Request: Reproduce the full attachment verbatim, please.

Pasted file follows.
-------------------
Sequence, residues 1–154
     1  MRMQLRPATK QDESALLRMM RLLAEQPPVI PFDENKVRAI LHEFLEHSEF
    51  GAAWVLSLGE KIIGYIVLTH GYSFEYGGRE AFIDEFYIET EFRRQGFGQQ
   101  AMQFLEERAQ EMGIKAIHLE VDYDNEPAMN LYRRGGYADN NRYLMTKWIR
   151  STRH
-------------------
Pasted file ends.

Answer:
Sequence, residues 1–154
     1  MRMQLRPATK QDESALLRMM RLLAEQPPVI PFDENKVRAI LHEFLEHSEF
    51  GAAWVLSLGE KIIGYIVLTH GYSFEYGGRE AFIDEFYIET EFRRQGFGQQ
   101  AMQFLEERAQ EMGIKAIHLE VDYDNEPAMN LYRRGGYADN NRYLMTKWIR
   151  STRH